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Deluxe Apartment In The Sky
April 26, 2014 7:21 AM   Subscribe

The Tower of David skyscraper in Caracas was abandoned in 1994, and remained vacant until 2007 when squatters moved in. There is now a vibrant community living within its walls.
posted by reenum (42 comments total) 29 users marked this as a favorite

 
Amazing to me. This is really cool. I like the stores and playing basketball in the garage and salvaging metal...sounds like a really busy place. I would have liked to visit Kowloon Walled City some day but this would be very interesting too.
posted by Our Ship Of The Imagination! at 7:30 AM on April 26 [1 favorite]


Wow. So, we can assume that there are no elevators running in this building, I suppose? That's a lotta stairs for some of these residents to climb!
posted by flapjax at midnite at 7:30 AM on April 26 [2 favorites]


So many balconies with NO GUARDRAILS AIEEEEEEEEEE
posted by localroger at 7:41 AM on April 26 [5 favorites]


This looks like that fun resort where they kept Brody at one point. A modernist setup for the survival of the fittest, brutalism at its best.
posted by ouke at 7:44 AM on April 26 [2 favorites]


WHAT COMMUNISM IS THIS??? TEAR IT DOWN!!!!

We can't just have people living somewhere rent free! Seriously though, that's pretty fucking rad.
posted by symbioid at 7:44 AM on April 26


Wow, that's incredible. The photos really conveyed the life and community within that building.
posted by arcticwoman at 7:46 AM on April 26 [2 favorites]


This looks like that fun resort where they kept Brody at one point.

What, you mean in the Homeland episode "Tower of David"? :-P Those scenes were my favorite part of Season 2, the wretchedness of it. There was a lot written about the real Tower of David when that aired, e.g. The New Yorker. Apparently the TV episode was filmed in Puerto Rico.
posted by Nelson at 7:52 AM on April 26


I love where the one dude is all dressed up in a suit holding his child and going to work.

The dude in number 13, cooking, that masonry looks skeeeeeeeeetchy.

And the fact there's little shops in there? That's fucking rad. Seeing those guys at the top scavenging metal... Nope. TOO HIGH! And the 3 kids sitting in a cement window region just talking, I can totally dig that vibe.

How do they get electricity? Do they tap something? Is someone actually paying for it? Batteries? Generators? Porta-Fusions? How cyberpunk of a future is this?

Is it all classes living here? Mostly underclass? Is anyone collecting rent or is it truly all 100% squatting? Are some of the people being active in these pictures just people who hang out/play here but don't necessarily live here? Who owns this property? SOOOO MANY QUESTIONS!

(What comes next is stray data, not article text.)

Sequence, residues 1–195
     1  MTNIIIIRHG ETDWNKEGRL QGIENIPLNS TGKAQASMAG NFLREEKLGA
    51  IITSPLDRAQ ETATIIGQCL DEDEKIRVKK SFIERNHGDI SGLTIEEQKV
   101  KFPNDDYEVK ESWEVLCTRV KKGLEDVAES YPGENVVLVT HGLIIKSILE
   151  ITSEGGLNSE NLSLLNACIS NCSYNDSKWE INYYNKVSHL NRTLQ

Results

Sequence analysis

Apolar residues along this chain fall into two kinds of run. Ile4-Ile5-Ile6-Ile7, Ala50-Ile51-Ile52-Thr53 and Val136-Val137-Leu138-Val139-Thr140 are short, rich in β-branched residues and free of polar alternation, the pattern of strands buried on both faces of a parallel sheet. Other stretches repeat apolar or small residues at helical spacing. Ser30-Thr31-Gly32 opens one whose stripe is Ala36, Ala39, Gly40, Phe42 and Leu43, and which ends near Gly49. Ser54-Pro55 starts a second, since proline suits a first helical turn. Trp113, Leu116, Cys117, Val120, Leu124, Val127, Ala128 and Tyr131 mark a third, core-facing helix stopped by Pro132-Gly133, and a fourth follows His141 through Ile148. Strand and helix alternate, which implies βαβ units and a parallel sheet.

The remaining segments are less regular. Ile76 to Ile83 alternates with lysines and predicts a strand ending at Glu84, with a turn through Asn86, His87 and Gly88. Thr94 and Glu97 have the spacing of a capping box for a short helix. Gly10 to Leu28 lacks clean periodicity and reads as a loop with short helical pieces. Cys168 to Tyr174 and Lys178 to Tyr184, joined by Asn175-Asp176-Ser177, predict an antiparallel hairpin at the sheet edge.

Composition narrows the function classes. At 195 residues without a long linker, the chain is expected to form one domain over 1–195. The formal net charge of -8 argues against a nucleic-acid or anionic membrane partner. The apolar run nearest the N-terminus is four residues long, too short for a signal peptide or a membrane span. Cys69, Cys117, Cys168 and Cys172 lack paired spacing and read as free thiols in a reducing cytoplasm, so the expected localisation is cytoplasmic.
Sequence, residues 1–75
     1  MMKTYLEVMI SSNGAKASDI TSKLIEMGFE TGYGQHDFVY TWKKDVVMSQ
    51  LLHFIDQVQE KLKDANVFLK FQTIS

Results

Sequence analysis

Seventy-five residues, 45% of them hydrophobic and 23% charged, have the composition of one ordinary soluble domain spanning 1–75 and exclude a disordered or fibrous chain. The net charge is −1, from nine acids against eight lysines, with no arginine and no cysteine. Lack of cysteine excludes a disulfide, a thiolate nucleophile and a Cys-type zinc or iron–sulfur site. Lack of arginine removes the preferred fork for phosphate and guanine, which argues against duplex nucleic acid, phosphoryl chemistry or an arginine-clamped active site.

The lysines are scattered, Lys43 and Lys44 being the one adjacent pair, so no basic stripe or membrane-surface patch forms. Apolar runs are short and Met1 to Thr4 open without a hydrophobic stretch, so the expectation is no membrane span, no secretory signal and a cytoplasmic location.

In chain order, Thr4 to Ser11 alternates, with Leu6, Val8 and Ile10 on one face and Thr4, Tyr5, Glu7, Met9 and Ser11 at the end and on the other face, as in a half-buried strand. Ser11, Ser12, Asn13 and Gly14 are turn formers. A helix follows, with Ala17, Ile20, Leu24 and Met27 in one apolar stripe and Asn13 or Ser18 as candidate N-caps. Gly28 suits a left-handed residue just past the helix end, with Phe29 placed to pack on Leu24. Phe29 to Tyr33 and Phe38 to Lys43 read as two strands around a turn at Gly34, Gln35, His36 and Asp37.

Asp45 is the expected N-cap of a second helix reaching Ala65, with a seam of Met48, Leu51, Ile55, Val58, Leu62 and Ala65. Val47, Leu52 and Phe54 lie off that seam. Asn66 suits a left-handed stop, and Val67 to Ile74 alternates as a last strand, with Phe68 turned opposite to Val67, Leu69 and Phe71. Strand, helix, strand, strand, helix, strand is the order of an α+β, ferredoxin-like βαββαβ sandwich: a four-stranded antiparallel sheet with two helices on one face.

posted by symbioid at 7:53 AM on April 26 [3 favorites]


Here's a rather more in-depth piece of reporting on the Tower. It's not quite the unmitigatedly happy story the FPP piece suggests.
posted by yoink at 8:04 AM on April 26 [9 favorites]


How do they get electricity?

Venezuela's power grid is nationalized, isn't it? I suspect the tower was already hooked to the grid for construction purposes when it was abandoned.
posted by Thorzdad at 8:05 AM on April 26


Previously
posted by hippybear at 8:15 AM on April 26


Water is a more interesting question for me.

Anyway, this is really cool. Thanks for posting it.
posted by Tell Me No Lies at 8:22 AM on April 26 [3 favorites]


Yeah, this is great, even if I could feel my palms starting to sweat as I scrolled down. Thanks, reenum!
posted by Zeinab Badawi's Twenty Hotels at 8:30 AM on April 26


I came here to post hippybear's Previously. (N.b.: flapjax said "wow" that time too.)
posted by languagehat at 8:30 AM on April 26 [2 favorites]


Imagine trying to get people to show up to a potluck in a 44th floor walkup.
posted by Stonestock Relentless at 8:59 AM on April 26 [5 favorites]


Man, this reminds me a lot of the building where the Karl Urban Dredd takes place.
posted by dismas at 9:48 AM on April 26 [6 favorites]


I get why this is championed by some people, but it just gives me the willies and suggests there is something deeply wrong going on. Why can't the municipality just seize it as abandoned property? Why can't they invest some oil money (I should know, we have a Venezuelan-owned Citgo station near my house) in completing it as properly-built social housing? (I have this fantasy of a low-impact renovation starting on the top floors that gradually installs services and works its way down as residents move into "real" apartments.) The safety issues seem insane -- no balcony railings, no stairway railings, open shafts everywhere, electrical connections with zero relationship to proper codes (designed to, you know, save lives), and so forth.